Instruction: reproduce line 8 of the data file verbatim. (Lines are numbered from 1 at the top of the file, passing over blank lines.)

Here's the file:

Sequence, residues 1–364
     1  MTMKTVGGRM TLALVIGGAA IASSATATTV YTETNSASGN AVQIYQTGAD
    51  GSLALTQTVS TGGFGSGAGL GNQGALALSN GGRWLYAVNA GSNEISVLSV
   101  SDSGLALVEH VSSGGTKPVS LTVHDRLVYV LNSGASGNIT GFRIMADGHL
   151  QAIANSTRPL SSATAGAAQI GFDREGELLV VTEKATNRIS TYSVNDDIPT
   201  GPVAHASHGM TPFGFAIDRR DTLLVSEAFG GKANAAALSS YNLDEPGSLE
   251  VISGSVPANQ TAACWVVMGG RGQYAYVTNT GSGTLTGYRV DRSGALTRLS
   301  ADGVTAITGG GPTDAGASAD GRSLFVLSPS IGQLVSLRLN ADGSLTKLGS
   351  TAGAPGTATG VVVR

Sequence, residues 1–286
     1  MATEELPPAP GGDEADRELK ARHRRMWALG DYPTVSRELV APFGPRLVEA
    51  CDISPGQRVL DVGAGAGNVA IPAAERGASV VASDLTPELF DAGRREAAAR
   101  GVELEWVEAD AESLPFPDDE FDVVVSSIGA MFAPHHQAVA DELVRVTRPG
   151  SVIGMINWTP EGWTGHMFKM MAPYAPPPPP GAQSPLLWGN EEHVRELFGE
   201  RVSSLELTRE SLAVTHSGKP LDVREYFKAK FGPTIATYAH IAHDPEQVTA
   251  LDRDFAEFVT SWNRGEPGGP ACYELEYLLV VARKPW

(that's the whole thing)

   301  ADGVTAITGG GPTDAGASAD GRSLFVLSPS IGQLVSLRLN ADGSLTKLGS